Riot police fired water cannon to break up the violent demonstration by about 1,000 stone-throwing protesters who threw Molotov cocktails, smashed police cars and tried to break down the gates of parliament on Tuesday.
'Some sixteen protesters were arrested during yesterday's demonstrations and they are under police investigation,' police spokesman Abu Bakar Nataprawira told reporters.
He said the student organisations that organised the rally had been infiltrated by 'another group,' a possible reference to opposition political agitators whom the government accuses of stoking street violence.
Mr Mallarangeng said protesters had a right to express themselves peacefully but accused Tuesday's demonstrators of being politically motivated.
'The president and the government have always seen any protests as the flower of reform. But in any democratic country protesters must respect the law and they mustn't be violent,' he said.
'We're afraid that this protest is politically motivated. There must be many groups that want to profit from the situation for their political interest.'
Student anger at the treatment of the protesters, one of whom died in hospital last week after being beaten by police in an earlier protest, is likely to increase after a police car ran down a protester on Tuesday.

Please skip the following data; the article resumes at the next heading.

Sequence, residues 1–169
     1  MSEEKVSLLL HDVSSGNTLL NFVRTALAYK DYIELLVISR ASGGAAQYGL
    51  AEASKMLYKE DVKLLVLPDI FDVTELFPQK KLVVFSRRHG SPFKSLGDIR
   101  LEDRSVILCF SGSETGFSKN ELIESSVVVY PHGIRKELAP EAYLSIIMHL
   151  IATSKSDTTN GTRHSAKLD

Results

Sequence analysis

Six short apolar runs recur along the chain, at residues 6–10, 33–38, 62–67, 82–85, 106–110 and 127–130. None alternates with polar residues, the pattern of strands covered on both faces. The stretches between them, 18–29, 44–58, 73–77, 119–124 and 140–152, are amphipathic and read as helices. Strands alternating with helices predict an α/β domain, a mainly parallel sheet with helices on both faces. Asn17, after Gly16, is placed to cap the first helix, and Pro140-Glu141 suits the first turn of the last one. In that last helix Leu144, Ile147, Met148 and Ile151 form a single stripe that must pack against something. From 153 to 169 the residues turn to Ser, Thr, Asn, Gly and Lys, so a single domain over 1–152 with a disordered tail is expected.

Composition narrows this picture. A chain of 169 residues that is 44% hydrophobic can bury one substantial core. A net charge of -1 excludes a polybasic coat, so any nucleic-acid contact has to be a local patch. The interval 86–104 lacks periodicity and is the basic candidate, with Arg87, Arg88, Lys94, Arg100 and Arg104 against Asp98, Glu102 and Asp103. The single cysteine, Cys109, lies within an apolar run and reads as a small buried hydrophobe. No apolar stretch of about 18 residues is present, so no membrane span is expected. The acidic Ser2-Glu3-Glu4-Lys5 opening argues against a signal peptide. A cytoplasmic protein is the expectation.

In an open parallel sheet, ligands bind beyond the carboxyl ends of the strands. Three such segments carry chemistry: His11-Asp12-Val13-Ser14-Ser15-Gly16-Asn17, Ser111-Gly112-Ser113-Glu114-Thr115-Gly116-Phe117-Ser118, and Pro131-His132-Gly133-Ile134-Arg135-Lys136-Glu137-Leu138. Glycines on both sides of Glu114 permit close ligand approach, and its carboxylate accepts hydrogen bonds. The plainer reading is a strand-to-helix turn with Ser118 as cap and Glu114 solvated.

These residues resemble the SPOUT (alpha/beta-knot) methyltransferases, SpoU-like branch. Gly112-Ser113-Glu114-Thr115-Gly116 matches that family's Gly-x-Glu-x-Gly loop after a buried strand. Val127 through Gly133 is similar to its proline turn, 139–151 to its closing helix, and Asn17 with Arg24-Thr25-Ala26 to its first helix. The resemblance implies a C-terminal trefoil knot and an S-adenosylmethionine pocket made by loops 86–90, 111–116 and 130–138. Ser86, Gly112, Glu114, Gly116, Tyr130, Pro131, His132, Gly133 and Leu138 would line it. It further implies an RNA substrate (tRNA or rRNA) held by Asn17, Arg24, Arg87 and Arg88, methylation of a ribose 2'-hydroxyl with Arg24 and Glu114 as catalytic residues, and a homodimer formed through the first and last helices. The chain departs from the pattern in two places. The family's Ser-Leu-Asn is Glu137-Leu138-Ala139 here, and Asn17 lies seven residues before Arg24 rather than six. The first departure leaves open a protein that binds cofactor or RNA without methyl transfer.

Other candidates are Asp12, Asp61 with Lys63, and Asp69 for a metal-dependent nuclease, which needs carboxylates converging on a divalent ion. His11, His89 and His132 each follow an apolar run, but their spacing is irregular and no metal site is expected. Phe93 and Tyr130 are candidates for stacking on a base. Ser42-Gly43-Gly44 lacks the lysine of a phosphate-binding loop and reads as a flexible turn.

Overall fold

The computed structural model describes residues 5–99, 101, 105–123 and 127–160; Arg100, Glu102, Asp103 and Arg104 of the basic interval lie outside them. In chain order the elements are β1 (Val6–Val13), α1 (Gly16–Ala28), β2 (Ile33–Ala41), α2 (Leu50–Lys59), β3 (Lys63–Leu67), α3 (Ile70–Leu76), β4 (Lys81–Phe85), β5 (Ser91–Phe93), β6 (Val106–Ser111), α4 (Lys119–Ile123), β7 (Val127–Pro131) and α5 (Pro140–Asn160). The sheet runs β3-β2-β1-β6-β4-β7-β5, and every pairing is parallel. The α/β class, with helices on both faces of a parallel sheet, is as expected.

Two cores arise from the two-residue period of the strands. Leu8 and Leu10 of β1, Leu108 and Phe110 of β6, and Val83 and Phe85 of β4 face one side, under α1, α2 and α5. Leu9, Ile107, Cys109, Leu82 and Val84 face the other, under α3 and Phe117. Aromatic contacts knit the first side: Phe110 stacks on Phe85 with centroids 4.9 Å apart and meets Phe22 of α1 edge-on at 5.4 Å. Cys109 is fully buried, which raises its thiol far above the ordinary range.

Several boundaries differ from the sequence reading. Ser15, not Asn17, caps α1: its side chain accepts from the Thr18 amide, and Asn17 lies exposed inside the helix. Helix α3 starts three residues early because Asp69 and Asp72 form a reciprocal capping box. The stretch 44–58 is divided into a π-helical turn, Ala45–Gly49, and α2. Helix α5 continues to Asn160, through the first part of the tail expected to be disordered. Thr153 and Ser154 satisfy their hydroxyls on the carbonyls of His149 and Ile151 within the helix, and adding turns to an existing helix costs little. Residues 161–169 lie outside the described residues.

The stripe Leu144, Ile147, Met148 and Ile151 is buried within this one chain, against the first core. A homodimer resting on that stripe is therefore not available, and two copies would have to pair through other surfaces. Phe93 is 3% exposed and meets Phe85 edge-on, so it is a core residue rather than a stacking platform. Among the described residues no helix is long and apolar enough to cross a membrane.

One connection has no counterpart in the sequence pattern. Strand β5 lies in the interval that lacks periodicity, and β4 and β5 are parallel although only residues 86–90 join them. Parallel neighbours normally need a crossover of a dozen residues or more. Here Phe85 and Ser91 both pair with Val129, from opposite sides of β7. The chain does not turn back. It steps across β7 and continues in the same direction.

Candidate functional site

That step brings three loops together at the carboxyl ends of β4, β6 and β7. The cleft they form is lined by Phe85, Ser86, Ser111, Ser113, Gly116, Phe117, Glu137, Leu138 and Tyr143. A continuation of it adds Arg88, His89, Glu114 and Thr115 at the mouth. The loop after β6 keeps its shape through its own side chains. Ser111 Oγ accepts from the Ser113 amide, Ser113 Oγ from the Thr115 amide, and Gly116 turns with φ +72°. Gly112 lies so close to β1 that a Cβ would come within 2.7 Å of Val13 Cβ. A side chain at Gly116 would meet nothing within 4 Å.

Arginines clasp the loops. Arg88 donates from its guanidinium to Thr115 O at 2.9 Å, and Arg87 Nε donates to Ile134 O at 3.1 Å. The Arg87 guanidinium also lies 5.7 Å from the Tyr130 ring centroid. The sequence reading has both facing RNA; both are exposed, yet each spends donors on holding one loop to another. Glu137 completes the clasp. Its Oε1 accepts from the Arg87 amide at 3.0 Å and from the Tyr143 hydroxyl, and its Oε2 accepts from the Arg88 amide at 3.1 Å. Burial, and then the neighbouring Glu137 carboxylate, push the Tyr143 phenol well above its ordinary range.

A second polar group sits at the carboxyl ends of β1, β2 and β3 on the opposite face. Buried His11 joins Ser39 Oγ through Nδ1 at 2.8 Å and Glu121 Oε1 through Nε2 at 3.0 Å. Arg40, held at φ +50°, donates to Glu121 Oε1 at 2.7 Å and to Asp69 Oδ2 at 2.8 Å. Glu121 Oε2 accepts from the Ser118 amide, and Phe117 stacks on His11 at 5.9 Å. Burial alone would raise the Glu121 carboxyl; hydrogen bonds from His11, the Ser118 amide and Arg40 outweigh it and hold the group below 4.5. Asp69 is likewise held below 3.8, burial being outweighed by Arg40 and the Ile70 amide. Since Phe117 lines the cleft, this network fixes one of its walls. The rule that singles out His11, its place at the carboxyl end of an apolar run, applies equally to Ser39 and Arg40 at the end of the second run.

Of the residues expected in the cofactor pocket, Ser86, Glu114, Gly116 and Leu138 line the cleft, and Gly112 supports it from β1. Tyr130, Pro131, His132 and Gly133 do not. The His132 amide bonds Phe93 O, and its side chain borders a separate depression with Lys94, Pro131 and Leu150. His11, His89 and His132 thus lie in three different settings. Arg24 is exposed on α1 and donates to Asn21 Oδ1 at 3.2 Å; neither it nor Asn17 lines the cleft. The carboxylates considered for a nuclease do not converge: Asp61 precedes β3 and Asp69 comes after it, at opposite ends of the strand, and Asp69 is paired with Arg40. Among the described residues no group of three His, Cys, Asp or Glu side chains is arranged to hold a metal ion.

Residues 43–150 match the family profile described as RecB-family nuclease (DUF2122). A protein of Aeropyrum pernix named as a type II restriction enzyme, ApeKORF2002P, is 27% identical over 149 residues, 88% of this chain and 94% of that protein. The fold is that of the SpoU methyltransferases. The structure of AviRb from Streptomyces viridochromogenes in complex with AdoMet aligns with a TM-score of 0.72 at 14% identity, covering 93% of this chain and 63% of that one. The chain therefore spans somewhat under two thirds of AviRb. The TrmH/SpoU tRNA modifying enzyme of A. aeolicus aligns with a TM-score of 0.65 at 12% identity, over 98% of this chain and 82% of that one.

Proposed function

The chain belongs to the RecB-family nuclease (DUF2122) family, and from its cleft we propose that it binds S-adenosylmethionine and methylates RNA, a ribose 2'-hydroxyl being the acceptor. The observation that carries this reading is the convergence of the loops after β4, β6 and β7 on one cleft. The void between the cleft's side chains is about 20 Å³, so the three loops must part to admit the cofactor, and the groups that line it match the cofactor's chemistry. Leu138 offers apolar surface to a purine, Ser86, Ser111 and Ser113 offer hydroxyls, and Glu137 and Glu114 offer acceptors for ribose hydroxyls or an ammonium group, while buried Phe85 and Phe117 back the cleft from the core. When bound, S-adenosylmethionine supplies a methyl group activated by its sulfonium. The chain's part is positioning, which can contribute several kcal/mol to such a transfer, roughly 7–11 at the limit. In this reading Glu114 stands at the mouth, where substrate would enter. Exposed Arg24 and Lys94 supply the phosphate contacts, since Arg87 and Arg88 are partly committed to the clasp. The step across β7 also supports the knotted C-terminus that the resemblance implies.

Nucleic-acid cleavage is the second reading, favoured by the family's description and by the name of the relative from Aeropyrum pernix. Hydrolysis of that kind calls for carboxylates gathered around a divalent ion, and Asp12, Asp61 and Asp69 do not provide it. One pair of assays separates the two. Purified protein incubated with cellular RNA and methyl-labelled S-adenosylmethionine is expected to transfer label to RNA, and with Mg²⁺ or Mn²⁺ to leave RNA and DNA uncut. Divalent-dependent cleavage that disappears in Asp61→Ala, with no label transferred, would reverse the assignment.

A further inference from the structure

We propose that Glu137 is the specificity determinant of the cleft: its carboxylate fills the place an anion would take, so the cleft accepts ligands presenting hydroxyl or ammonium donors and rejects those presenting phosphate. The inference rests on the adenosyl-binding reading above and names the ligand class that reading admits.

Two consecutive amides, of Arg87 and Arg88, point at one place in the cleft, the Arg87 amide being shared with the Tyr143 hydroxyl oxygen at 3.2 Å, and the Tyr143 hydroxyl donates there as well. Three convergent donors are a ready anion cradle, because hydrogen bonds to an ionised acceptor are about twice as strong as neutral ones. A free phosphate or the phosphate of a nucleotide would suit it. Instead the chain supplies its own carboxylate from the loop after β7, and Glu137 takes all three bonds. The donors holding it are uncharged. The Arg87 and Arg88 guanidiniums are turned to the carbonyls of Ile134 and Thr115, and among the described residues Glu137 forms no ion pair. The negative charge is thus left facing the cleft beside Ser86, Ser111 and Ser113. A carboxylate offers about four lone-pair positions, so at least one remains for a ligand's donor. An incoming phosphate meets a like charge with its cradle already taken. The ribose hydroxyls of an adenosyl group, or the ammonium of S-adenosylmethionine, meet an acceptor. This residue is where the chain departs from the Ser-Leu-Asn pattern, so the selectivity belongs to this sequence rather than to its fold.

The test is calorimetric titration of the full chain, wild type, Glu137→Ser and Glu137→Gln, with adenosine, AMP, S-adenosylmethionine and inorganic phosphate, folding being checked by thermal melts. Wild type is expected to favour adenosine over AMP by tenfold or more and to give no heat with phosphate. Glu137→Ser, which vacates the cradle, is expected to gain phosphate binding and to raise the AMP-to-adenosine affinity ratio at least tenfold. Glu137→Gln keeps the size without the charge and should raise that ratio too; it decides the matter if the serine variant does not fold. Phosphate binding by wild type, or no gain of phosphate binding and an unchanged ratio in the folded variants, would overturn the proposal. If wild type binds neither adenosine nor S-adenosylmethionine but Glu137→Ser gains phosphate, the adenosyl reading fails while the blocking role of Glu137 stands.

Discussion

Television footage showed the car apparently swerving to hit the young man as demonstrators pelted police vehicles with rocks, throwing him into the air.
Mr Nataprawira defended the officers involved, saying: 'The police had no other choice but to hit the protester as the crowd was starting to pelt the car with stones. It was just a move to defend themselves from the protesters that had destroyed several police vehicles.'
Last month's price hike has triggered protests throughout the archipelago but a government scheme to offer cash compensation and free rice to the poor helped dull public anger.
Indonesia's May inflation rate rose into double digits for the first time in nearly two years as the higher fuel prices rippled across the economy.
The consumer price index jumped 10.38 per cent in May from a year ago and by 1.41 per cent from April, its fastest pace in 20 months.
The year-on-year inflation rate is the sharpest since September 2006, when the CPI rose 14.55 per cent. -- AFP